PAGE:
1921 Martin 0-18, Pt. 2
March 10, 2008
I am excited to get started and share the restoration of this wonderful, early Martin. In last month’s column, we assessed the damage and made a list of concerns
I am excited to get started and share the restoration of this wonderful, early Martin. In last month’s column, we assessed the damage and made a list of concerns and repairs that would be needed. The first repair that we’ll begin is the removal and resetting of the warped ebony bridge.
We will need the following tools and supplies for the procedure:
- Bridge/Fingerboard Iron #4607
- Surface Thermometer #4603
- Spatula Bridge Removal Knife #4464
- Sloane Bridge Clamp #0682
- Hot Plate
- Aluminum Block
- Protective 8 1/2” x 11” Cardstock Paper
As I inspected the guitar, I couldn’t help but notice the exquisite ebony bridge. It was finely crafted from a naturally rich, black, tight-grained bridge blank. It looked very unusual compared to what I normally see in flattop bridge woods.
I heated up my bridge/fingerboard iron on a basic hot plate, purchased from a local department store. The temperature was monitored with a surface thermometer from Stew-Mac. 250 degrees is a safe starting temperature, although I’ve found that larger bridges with more mass or different adhesives need an increased temperature – usually 350 degrees. I use two bridge/fingerboard irons, alternating them for really tough, epoxied bridges to apply a consistent temperature. Always remember to monitor your work and be careful.
To protect the top of the guitar before applying any heat to the bridge. Take a sheet of 8 1/2” x 11” cardstock, cut out around the bridge, and lay it over the guitar’s top. It is quick and easy to cut and will protect the guitar if you have a slip of the hand.
The bridge on this 0-18 came off in about 10-15 minutes as I was checking the warmed glue joint with my flexible spatula bridge removal knife. This knife is something that Don MacRostie at Stew-Mac hipped me to years back. The 3 7/8” blade tapers from handle to tip, so you can keep the blade down while holding the handle safely off the guitar top – thanks Don! As you can see in the next picture, there was minimal tear out after the bridge was removed.
Re-warping the Bridge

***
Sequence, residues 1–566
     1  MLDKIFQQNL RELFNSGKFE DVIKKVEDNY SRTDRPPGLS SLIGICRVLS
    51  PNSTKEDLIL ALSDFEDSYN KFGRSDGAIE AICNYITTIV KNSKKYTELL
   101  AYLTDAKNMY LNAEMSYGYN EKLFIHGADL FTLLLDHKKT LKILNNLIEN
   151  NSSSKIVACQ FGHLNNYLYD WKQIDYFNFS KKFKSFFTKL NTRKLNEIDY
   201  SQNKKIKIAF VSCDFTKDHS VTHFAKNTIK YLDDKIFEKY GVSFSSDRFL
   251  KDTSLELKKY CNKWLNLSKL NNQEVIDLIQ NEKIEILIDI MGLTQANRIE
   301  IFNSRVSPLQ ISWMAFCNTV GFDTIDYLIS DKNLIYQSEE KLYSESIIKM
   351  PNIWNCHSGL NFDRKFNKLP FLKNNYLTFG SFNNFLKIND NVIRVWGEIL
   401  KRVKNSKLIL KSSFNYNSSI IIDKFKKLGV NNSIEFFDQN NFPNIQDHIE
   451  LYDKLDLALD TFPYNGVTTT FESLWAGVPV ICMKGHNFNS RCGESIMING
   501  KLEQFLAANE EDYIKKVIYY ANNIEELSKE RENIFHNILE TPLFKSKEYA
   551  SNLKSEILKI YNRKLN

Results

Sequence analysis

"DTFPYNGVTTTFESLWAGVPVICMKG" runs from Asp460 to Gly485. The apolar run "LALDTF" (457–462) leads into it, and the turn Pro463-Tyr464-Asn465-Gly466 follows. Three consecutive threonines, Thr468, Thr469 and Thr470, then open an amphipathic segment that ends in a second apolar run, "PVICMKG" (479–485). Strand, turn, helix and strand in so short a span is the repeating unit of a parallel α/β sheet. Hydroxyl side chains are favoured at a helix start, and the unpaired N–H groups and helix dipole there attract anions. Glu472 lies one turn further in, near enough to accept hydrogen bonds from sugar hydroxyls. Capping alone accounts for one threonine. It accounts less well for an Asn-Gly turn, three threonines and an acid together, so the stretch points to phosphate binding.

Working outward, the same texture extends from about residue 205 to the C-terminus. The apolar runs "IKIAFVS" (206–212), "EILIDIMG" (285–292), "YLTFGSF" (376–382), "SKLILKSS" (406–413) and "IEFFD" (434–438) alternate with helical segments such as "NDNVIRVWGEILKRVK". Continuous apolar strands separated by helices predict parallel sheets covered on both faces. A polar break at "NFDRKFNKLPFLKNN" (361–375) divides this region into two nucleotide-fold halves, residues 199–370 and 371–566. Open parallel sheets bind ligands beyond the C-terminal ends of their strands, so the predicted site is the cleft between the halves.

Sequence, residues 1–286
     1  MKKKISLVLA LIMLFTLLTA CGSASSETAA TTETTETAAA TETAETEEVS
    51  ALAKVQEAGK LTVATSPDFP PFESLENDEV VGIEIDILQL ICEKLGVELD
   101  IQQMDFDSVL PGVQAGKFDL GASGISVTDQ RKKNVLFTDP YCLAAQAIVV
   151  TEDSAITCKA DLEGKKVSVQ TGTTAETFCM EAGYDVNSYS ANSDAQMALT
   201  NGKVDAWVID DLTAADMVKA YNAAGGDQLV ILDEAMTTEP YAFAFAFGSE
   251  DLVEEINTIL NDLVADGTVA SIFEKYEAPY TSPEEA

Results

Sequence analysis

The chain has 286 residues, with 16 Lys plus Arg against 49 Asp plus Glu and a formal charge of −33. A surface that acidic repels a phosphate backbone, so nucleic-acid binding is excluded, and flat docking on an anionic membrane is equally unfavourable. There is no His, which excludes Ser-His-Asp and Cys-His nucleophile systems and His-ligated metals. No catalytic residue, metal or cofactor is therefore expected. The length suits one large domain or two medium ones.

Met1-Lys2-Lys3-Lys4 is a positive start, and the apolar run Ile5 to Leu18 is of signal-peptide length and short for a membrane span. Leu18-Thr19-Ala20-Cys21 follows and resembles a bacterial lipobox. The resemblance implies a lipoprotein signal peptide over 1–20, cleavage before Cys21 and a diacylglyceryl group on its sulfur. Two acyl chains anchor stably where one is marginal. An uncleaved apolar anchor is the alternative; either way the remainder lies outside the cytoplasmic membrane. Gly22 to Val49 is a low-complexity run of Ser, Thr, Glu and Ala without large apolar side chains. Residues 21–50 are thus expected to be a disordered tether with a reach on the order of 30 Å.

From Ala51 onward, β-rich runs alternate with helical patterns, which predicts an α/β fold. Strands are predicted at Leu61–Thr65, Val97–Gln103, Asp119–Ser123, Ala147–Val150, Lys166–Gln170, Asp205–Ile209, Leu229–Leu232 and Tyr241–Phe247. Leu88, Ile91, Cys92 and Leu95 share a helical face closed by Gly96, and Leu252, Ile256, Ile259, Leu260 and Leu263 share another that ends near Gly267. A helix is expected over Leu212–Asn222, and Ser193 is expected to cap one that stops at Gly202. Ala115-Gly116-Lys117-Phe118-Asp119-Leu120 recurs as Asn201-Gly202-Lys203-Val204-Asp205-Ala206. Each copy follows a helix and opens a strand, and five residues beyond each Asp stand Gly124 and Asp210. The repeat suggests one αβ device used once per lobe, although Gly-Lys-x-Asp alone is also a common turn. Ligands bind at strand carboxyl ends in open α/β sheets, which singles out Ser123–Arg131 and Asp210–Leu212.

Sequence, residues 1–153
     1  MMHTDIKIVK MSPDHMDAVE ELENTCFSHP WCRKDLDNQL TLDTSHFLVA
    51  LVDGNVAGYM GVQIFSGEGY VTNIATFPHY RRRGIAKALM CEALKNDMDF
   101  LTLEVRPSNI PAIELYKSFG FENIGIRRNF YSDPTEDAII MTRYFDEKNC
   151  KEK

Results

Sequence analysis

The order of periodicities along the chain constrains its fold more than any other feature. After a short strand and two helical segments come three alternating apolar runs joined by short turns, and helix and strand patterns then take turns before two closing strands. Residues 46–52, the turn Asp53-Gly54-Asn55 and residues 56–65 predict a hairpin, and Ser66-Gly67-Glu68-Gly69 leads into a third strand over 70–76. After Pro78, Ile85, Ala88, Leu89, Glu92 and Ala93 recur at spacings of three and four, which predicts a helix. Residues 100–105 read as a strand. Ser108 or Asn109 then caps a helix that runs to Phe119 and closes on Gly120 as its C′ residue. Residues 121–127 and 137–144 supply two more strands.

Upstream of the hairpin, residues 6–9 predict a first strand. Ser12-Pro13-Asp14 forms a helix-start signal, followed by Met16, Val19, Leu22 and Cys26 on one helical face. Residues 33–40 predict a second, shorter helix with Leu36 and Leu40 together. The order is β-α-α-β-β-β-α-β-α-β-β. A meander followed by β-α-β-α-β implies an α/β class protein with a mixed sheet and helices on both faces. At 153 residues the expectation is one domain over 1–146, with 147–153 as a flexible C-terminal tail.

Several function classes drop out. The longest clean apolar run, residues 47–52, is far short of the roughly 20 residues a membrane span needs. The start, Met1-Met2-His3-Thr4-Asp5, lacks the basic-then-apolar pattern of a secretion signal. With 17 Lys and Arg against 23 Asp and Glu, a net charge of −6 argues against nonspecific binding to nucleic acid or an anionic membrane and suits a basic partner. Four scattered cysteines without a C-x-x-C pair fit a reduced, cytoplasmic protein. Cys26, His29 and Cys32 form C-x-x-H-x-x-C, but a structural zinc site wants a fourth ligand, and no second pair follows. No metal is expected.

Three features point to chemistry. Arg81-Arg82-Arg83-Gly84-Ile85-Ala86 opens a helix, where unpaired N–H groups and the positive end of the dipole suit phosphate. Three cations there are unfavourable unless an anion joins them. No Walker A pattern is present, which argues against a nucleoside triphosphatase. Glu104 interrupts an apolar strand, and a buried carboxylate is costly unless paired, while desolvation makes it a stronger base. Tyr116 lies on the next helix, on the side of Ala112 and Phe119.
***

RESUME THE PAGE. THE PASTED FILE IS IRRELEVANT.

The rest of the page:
Now that the bridge is removed, it’s time to clean and inspect the underside of the bridge. I use a razorblade to lightly remove unwanted grime. Then with a thin amount of warm water applied over the ebony glue surface, I lightly burnish the area with a spatula to remove the leftover hide glue.
Now that the gluing surface of the bridge is prepped and clean, I am ready to begin the re-warping process. I’m using a scrap of aluminum for my bridge leveling table and Sloane bridge clamps to secure the bridge to the flat surface. A microwave comes in handy to quickly boil a cup of water. Once the water is boiling, I use a Q-tip to apply the water to the gluing surface. After applying four coats of boiling water, the bridge was quickly clamped down with Sloane bridge clamps to the bridge leveling table. The bridge remains clamped for 24 hours and often this process will need to be done more than once to achieve the desired effect. Note: Squared pieces of cork were used between the clamping palm and bridge for extra protection while clamping. This process worked well for removing and rewarping the pyramid bridge on this guitar and for the most part, is similar to most bridge removals that we do in the shop on flattops.
Next month, we’ll continue on with the restoration of this classic Martin acoustic. I’m looking forward to sharing our next steps in “Restoring an Original.” - John
John Brown, of Brown''s Guitar Factory, is the inventor of the Fretted/Less bass. He owns and operates a full guitar manufacturing and repair/restoration facility, which is staffed by a team of talented luthiers. He is also the designer of guitar making/repair tools and accessories that are used today by instrument builders throughout the world.